The opportunities and challenges posed by an ageing society will be under discussion at a series of conferences in Geneva this week, starting on Monday.
Academics, government officials and economists will address issues such as the consequences for the labour market, the welfare system, society and the economy.
Like global warming, demographic changes that will see a big increase in the number over-65s in the coming decades tend to be viewed as a "ticking time bomb" menacing society.
Frequent concerns include: Will pensions shrivel under the strain? Can the welfare system cope? And will the retirement age have to be raised?
But the weeklong lecture series at Geneva University, which is being hosted by the non-profit kogita association, also intends to put the accent on the benefits an ageing society can bring.
"I wouldn't say it is a time bomb. There will be changes but the question is: will they be very painful or just painful, or can they be manageable," Pierre Allan, dean of the university's faculty of economic and social sciences, told swissinfo.
"There will also be opportunities with more people who are older and wiser. As scientific studies have shown, people who are more mature are happier to do something for their families, neighbours and society as a whole. You have to find ways to provide non-market solutions for these people, because they want to help."
Speaking ahead of this week's lecture series, organiser Geneviève Brunet said Geneva could become a centre of expertise for research into ageing.
The city is home to the World Health Organization, the International Labour Organization, plus non-governmental organisations working in the fields of social security and insurance.
But at present the various fields of expertise are disjointed. "There is a critical mass but the efforts are fragmented," admitted Allan.
The Geneva University professor noted that Switzerland, like Britain and a number of Nordic countries, was already getting to grips with the issue of ageing.
He said the Swiss were ahead of the game with their "three-pillar" pension system – state, occupational and private. And while a proposal by Interior Minster Pascal Couchepin to raise the retirement age to 67 caused an outcry, it did grab the public's attention.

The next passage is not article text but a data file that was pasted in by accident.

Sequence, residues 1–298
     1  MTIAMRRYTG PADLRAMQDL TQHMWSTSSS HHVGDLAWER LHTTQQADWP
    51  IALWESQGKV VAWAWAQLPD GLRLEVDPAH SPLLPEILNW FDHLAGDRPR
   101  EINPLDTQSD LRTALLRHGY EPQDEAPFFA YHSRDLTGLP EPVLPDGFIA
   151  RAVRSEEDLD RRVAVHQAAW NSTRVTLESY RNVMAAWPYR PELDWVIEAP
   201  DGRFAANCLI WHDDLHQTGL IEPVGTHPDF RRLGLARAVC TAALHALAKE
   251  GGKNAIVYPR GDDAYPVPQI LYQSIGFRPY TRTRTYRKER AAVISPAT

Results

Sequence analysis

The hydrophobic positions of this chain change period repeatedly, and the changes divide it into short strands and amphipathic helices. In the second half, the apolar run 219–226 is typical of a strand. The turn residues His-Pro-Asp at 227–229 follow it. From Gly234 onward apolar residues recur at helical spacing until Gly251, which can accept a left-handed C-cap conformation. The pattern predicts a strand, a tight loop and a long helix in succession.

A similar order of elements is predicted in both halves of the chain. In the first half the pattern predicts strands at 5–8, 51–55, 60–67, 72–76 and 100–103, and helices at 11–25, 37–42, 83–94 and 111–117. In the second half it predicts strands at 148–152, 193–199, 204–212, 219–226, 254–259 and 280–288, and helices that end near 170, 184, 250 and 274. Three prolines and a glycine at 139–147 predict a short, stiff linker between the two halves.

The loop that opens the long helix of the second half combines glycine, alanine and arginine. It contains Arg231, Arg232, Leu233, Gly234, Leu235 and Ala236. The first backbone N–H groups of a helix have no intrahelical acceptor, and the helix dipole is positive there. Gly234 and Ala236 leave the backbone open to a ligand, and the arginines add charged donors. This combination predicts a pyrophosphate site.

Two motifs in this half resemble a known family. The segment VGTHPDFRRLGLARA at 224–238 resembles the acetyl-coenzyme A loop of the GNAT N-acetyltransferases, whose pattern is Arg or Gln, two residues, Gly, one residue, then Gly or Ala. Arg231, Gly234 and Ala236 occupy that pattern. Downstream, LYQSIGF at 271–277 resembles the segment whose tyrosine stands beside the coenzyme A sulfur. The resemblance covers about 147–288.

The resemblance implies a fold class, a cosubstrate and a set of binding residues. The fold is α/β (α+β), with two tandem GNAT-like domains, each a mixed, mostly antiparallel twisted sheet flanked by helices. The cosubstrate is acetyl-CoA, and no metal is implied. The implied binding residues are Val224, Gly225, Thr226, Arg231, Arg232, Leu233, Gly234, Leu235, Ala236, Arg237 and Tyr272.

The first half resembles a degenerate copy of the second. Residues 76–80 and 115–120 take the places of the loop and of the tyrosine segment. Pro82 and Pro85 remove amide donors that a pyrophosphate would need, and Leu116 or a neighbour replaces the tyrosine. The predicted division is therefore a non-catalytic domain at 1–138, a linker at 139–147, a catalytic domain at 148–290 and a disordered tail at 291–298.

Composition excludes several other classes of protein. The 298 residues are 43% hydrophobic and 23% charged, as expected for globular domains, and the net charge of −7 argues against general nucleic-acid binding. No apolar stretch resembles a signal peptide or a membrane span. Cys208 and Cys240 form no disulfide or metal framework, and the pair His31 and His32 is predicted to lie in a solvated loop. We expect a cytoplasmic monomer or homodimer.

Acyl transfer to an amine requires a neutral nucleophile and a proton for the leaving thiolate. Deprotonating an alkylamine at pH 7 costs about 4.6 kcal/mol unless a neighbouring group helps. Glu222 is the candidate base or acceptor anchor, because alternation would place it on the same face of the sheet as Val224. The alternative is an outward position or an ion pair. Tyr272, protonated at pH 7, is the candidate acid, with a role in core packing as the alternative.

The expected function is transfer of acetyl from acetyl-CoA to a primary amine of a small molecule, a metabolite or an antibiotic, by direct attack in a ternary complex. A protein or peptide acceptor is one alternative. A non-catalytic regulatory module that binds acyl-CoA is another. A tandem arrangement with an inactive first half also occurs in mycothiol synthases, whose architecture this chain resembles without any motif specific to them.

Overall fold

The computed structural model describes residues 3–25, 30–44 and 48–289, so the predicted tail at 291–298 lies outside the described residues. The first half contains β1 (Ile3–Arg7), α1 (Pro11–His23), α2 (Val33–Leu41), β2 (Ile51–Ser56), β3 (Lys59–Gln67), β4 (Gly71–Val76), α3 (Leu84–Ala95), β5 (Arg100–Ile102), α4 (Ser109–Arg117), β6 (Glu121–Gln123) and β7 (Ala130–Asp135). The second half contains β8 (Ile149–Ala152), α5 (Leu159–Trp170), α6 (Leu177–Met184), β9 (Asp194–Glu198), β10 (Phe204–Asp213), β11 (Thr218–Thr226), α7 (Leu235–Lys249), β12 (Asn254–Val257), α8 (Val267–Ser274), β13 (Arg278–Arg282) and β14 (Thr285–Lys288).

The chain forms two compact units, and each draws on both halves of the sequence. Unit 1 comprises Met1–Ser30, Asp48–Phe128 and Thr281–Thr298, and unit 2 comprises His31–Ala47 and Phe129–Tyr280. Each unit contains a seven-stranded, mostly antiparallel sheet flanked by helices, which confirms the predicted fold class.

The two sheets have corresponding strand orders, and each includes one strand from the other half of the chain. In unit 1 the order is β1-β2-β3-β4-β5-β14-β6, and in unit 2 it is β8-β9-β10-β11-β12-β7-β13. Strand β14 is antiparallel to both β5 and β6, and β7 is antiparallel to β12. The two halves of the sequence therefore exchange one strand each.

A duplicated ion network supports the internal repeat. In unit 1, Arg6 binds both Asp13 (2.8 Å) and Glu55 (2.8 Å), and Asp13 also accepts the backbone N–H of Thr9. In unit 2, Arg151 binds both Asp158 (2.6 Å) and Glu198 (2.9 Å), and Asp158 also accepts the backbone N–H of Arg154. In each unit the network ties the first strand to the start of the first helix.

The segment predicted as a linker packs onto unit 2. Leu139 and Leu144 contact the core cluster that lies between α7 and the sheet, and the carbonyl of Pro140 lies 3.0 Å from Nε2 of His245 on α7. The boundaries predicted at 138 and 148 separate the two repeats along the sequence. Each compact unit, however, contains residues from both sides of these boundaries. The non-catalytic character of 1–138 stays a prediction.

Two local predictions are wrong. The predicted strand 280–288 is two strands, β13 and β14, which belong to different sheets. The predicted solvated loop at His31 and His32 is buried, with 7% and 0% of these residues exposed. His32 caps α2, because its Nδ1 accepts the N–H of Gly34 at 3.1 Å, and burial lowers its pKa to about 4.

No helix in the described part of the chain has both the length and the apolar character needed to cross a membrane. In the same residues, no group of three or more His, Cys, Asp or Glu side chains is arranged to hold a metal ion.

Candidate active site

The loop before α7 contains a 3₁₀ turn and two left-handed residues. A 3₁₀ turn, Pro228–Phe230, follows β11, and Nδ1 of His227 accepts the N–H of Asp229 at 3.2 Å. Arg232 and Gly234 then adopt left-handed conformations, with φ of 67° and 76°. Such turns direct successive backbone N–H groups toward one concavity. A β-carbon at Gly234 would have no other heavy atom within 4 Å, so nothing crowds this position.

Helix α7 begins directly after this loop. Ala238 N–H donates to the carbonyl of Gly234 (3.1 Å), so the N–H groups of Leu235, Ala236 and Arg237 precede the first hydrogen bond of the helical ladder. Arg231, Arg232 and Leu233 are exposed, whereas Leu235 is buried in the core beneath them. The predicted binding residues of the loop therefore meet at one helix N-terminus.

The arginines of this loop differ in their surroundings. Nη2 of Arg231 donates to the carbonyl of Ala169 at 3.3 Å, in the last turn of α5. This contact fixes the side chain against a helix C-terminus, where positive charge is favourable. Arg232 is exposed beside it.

"There are some things that are still taboo and that's understandable," said Allan. "But this was further evidence that you have to find solutions to problems which are not yet upon us but in the medium and long term will definitely be with us."
"I think public awareness is improving but in terms of people who see ageing as a threat rather than as a solution to some social problems," he added.
According to figures published by the Federal Statistics Office in July, the number of people over 65 in Switzerland will almost double by 2050.
By then there will be only two people of working age to support each pensioner, while the current rate is four to one.
swissinfo, Adam Beaumont in Geneva
The Swiss population is expected to peak at 8.2 million in 2036 before falling to 8.1 in 2050.
The number of people aged 65 and over will increase by 90% in the same period to 2.2 million people – or 27% of the population.
Swiss trends mirror those in the European Union where the number of people 60 or over is expected to constitute one-third of Europe's population by 2050.
Switzerland has more 55-64 year olds working per head of the population than any other industrialised country, according to 2003 figures.
The series of conferences on the "Opportunities and Challenges of Ageing" runs from November 6-10 at Geneva University.
Speakers include: Jean-Pierre Roth, president of the Swiss National Bank; Emmanuel Reynaud, head of social security policy at the International Labour Organization; and Werner Haug, vice-director of the Swiss Federal Statistics Office.
Themes include: "Demography, Labour Market and Immigration"; "Age Management in Business and Employability of Seniors"; and "Demography and Economic Policy: the Challenges".